I’m in an exit row that has only two seats instead of the three in all the other rows. This guy behind me, in the third (window) seat just tapped my shoulder and made a request that puzzled me.
He motioned to my bag on the floor to my right (where the window seat would be if there was one) and asked that I move it to under the seat in front of me during takeoff. It’s funny — when he said it I paused a bit because he sounded just like a flight attendant, word choice and everything.
I asked him why he would make such a request and he explained that,
“If the plane goes off the runway during takeoff, that bag could become a projectile and it could fly anywhere in the cabin.”
Mind you, the bag in question contains some snack foods and my MacBook laptop — I will forego my duties as an exit-row passenger before I let anything happen to this bag (metaphorically speaking… Maybe).
I told this guy that nothing would happen to the bag and he shouldn’t worry. He asked,
“Could you please do it?”
He looked away in mild exasperation and sat back in his seat.
I used to work at this gym where I sold memberships (I worked at more than one gym). Most of the people who walked in walked out either with a new membership or 100% sure they weren’t joining. Sometimes though, a person would come check out the facility and say they needed to think about their decision before joining or not joining and I would call them a day or two later.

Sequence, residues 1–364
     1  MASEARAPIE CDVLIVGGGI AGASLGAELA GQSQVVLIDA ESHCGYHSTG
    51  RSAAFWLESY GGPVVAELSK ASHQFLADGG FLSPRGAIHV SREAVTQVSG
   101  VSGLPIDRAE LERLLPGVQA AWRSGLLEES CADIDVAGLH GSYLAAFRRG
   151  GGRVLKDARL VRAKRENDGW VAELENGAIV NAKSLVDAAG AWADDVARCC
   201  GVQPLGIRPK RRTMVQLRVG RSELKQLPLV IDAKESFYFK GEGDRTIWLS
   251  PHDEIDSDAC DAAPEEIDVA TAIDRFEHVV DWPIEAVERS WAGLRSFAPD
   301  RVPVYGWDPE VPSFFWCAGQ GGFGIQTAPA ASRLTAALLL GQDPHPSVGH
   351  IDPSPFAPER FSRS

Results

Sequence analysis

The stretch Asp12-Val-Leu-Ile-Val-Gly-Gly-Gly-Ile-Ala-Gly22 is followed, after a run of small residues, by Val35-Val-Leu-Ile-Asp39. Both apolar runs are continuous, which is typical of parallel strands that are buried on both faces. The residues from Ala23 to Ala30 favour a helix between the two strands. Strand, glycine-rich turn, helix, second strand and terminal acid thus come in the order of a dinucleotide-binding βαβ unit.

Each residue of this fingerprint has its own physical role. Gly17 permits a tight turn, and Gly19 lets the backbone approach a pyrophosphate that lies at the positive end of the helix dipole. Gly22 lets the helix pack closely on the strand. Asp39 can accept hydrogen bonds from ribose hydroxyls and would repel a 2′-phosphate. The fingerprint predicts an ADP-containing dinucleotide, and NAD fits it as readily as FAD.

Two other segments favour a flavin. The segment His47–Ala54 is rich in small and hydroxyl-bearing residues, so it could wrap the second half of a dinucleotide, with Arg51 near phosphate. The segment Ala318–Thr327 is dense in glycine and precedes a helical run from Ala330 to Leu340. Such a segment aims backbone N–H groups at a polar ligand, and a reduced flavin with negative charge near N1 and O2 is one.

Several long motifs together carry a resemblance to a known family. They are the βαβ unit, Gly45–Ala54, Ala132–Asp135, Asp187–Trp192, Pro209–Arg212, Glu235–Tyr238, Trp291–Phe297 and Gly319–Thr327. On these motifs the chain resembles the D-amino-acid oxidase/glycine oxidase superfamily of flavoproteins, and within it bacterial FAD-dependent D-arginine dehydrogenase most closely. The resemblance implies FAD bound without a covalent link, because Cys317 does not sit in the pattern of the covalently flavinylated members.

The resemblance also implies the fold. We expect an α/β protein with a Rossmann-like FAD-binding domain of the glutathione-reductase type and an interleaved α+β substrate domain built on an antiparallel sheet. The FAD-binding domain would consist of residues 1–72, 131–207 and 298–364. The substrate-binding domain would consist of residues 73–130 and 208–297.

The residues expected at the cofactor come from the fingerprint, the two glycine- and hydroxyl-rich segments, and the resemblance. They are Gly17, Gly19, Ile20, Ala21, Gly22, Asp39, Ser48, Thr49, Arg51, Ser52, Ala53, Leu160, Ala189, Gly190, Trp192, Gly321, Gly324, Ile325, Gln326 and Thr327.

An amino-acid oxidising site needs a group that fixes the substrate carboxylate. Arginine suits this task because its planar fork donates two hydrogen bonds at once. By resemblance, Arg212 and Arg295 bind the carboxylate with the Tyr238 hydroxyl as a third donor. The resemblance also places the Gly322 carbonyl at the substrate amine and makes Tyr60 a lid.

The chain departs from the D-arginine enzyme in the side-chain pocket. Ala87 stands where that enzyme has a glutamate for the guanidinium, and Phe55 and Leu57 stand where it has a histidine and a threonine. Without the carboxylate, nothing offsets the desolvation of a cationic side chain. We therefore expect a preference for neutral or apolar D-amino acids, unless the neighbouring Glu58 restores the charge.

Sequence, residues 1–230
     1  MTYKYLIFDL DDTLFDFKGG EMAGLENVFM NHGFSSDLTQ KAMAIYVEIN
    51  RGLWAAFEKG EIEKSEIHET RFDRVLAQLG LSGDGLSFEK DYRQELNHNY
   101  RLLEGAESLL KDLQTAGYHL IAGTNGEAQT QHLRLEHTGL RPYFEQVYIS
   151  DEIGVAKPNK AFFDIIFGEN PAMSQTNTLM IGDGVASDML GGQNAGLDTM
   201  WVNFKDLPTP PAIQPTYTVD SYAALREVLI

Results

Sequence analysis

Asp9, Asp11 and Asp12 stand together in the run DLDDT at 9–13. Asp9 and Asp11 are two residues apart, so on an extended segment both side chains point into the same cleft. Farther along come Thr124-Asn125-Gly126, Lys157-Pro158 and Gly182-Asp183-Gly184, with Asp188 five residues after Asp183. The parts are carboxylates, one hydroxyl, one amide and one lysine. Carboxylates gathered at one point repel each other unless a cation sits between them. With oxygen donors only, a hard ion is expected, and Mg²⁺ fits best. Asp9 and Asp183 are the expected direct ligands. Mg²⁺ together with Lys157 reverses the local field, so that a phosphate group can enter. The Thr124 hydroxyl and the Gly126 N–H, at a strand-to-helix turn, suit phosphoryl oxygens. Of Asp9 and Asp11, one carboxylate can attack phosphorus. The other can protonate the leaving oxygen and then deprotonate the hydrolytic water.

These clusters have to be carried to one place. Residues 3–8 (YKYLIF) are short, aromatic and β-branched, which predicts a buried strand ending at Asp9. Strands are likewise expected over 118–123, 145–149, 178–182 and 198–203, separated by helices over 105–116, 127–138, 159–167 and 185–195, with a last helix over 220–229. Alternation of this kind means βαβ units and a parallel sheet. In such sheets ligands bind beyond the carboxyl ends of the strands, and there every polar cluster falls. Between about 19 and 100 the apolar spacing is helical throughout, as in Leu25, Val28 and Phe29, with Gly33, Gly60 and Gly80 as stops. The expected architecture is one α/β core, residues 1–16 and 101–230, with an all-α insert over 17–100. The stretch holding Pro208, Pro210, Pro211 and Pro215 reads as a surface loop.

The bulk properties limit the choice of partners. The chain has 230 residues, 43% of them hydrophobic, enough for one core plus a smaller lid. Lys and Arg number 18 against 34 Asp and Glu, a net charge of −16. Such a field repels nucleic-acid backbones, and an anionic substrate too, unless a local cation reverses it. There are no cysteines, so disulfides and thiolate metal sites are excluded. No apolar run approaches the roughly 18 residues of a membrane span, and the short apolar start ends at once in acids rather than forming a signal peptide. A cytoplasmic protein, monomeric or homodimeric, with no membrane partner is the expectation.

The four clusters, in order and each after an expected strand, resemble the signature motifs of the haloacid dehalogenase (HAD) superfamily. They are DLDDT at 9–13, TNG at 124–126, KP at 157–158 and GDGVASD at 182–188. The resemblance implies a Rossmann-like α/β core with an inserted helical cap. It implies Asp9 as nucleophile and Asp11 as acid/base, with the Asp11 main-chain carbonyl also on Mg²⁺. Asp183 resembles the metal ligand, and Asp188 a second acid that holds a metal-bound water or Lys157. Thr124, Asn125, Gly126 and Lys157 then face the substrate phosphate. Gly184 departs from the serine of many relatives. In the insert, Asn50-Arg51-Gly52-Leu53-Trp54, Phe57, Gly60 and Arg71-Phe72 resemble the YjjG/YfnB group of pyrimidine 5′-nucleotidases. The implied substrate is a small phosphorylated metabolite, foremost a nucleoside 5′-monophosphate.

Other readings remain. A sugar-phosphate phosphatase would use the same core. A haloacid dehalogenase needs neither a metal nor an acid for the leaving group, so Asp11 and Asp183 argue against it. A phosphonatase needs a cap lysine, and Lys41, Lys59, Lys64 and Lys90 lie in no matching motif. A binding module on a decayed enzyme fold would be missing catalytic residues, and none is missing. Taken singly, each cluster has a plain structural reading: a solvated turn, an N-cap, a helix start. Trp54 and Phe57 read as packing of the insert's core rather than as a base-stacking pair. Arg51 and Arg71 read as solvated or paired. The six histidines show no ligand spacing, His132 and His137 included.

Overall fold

I showed this one guy the gym — I recall him being a police officer — and he told me to follow up with him in 48 hours. I did, left him a voicemail, and he called me back at my desk.
“Dre, I’ve decided to not join the gym, so there is no need for any further discussion on this matter.”
I was a pretty good membership salesperson, seasoned in handling objections. But I have to admit, I wasn’t experienced with a stone cold rejection of the gym. All I could say was OK, thanks — and let him go. If he’d given any reason or explanation for his decision, I would’ve turned it around on him and probably closed the sale. But he left me no options. In this case, he clearly won.
The easiest and the hardest word to say is No. Only got two letters, only takes a second to say it. – Chuck D
Many people are inexperienced with No. How many times have you sensed someone had made a “No” decision on something, but couldn’t bring themselves to actually say it? Creative ways to delay conversations, outright avoidance, all kids of excuses — instead of just telling you “No”.
And when it’s used against someone — just a flat out “No” with no explanation or softeners — people are stopped dead in their tracks, frozen in surprise.
“No” is a liberating word. It conveys exactly what you mean with little effort and zero openings for negotiation or questioning (the “easiest” part). You’ll find that the subject of “No” is completely taken aback by the bluntness required to use it (what makes it “hard” to use even when it’s exactly what you’re thinking).
Try using it. You’ll feel freer and more confident in your communications. And you can stop bullshitting people with insincere tact that does no more than waste time.